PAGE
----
When I was a young girl back in the 70’s, I always knew my mom was about to do a big clean of the house. She’d disappear into the sunroom and I’d hear her fiddling around in there. Pulling out that beloved album and placing it carefully on the turn table. She’d turn up the volume and soon I’d hear the wonderful sounds of Maria Muldaur coming through the speakers.
The album was so worn, you could hear the clicks and static from the scratches coming through alongside her voice but I didn’t mind. It was a sign of good use…of music that filled our soul and made us smile and want to sing along. When cassettes came along and began to gain popularity, my mom recorded that album onto a cassette. You could still hear those grooves in the vinyl but we didn’t mind.
I loved those songs as much as my mom did. It always seemed to put her in a good mood…maybe that’s what I loved most…either way, Maria Muldaur has held a special place in my heart for many many years…almost 40 of them. To this day, I can be found listening to that album, now in a digital format, minus the worn out sounds. It always makes me smile and I can’t help but move along with the music.
Imagine my excitement when I heard she’d be coming to town. My hubby said he really didn’t want to go and that was okay. My mom…busy with a big project and not able to go and that was okay too. I decided to make this a night about me and go alone. To enjoy the experience fully from only my perspective.
I bought my ticket and couldn’t wait for the big night. I envisioned sharing here after the show…the great blog post I’d write about my awesome experience. I’d share about my childhood memories and how being at this event brought me right back to that place again as a small child, watching my mom dance around the house to her music.
I left before the show finished and cried when I got home. I’m not sure if the only issue was that she was sick and I’d like to give her the benefit of the doubt because she was clearly sick and shouldn’t have been allowed to perform but I’m just not sure that’s all it was. Her voice was a mess because of her cold…she could barely talk, let alone sing. While a few people could be seen singing along and moving to the beat, most seemed to sit in awkward, polite silence with uncomfortable expressions on their faces. She started late, came out confused, yelled and pointed at two people during the show for taking pictures (which were allowed as long as flash wasn’t used according to the intro given before the show but she had other ideas), made some rude comments to her musicians about not starting a song in a timely manner, kept saying stuff in to the mic about the sound system and it was all more than I could handle.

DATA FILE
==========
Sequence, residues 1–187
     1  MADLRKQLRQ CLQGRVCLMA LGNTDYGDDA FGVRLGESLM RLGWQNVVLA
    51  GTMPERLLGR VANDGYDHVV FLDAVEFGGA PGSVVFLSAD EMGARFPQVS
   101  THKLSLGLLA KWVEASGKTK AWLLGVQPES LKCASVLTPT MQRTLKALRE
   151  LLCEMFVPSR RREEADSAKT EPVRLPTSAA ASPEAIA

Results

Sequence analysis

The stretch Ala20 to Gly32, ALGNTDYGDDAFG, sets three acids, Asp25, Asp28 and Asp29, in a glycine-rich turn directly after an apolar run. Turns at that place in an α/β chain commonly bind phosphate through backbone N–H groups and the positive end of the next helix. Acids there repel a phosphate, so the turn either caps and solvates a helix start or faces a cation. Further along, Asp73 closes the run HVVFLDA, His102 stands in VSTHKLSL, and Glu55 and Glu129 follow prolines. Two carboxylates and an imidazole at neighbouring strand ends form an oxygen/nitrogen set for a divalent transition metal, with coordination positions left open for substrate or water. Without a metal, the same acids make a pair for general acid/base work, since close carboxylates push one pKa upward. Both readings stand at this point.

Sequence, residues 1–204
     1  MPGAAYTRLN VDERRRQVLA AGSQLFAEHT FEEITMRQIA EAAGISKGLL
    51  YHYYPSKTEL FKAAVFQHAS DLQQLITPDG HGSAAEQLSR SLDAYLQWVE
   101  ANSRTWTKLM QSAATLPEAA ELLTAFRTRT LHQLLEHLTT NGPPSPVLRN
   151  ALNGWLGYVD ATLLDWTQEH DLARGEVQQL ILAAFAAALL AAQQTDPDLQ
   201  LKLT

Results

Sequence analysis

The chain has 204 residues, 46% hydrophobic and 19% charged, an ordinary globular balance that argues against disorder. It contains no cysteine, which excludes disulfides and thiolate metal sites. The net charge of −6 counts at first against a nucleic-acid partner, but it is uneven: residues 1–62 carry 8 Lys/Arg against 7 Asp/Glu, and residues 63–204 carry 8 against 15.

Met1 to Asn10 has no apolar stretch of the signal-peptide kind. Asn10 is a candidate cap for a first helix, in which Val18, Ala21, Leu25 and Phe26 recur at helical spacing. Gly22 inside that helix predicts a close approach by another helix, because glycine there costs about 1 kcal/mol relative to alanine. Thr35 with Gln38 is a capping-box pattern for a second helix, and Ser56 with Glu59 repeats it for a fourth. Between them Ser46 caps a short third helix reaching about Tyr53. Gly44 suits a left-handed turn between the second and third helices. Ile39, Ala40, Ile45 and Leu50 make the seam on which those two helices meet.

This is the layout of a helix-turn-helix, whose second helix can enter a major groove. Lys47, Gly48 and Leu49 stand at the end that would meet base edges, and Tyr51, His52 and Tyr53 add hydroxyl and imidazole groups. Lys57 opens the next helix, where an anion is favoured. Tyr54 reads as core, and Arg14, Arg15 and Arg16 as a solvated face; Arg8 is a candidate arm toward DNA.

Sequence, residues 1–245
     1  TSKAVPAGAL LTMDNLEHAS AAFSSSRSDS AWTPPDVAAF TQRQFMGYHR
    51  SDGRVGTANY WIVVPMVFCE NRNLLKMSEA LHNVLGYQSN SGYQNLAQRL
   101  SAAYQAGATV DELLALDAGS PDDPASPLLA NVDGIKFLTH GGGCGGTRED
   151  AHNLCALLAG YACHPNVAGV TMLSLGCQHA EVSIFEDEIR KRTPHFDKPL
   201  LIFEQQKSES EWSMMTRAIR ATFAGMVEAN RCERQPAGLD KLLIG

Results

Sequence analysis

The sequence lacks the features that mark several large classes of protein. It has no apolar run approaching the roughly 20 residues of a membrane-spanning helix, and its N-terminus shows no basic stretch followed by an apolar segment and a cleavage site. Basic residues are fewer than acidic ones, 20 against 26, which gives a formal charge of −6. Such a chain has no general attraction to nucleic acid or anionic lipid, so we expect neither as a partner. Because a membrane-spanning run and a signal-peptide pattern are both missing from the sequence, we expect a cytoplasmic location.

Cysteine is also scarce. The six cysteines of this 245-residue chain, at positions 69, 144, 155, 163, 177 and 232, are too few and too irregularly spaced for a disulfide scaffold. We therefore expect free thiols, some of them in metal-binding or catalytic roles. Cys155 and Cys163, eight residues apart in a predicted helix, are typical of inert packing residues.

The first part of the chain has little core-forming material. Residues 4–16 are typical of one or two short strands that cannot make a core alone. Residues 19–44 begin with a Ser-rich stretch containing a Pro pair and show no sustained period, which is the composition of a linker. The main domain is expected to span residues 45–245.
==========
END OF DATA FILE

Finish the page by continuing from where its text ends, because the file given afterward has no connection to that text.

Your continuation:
That idol I admired for 40 years…that woman I had put on a pedestal as one of America’s greatest folk singers and an amazing woman to boot (after all, she was all about love and happiness and other hippie stuff so she had to be awesome, right?!)…in less than 30 minutes, she’d fallen off that pedestal and I was out the door trying to hold back my tears.
Part of me is sad that I’m not able to share an amazing story here about what it was like to be a few feet away from someone I have loved for most of my life and part of me realizes there is a different story here. At the end of the day, she is simply a woman…a human…no more than and no less than I. We have bad days, bad experiences, aren’t always on our game, and most of us never asked to be put on a pedestal…no one belongs on one of these…it’s too easy to get knocked off in the blink of an eye.
I’m still processing all of this…I’m really not sure how I feel because there are so many layers to it. She was sick. She’s also 72 years old. I felt like I knew here because I’d spent so much time with “her” in my living room but I realize I really didn’t know her. My expectations were so high, I’m not sure she could have lived up to them – not fair to anyone. The shame I felt as I saw her up on stage belittling and shaming others for what she perceived to be inappropriate actions on their part. It wasn’t directed at me and, yet, it might as well have been. The shame I also felt when the guy at the table next to me started quietly saying “cuckoo” “cuckoo” over and over again when she was scolding someone.
It is a great reminder to be in the moment and take something for what it is rather than what we want it to be. It’s a great reminder to stay present enough to know when something isn’t my shit and I don’t need to take it on. It’s a great reminder that things aren’t always what they seem and that’s simply how life works.
Side note: I did contact the venue and they realized she was too sick to perform once she started but didn’t want to embarrass her by stopping the show. I can completely understand the predicament that would create. All those who attended will be getting tickets to another show at the venue for compensation. I love it when venues realize there was a problem and so willingly resolve it in a timely manner.
Update as of January 31st, 2016: Unfortunately, the Dakota chose not to honor the commitment they made for a free ticket to another show. I attempted to do a chargeback but, since the performance actually took place, it wasn’t eligible. However, my bank split it with me and refunded half – just because they rock and could. It’s nice to know there are ethical businesses out there!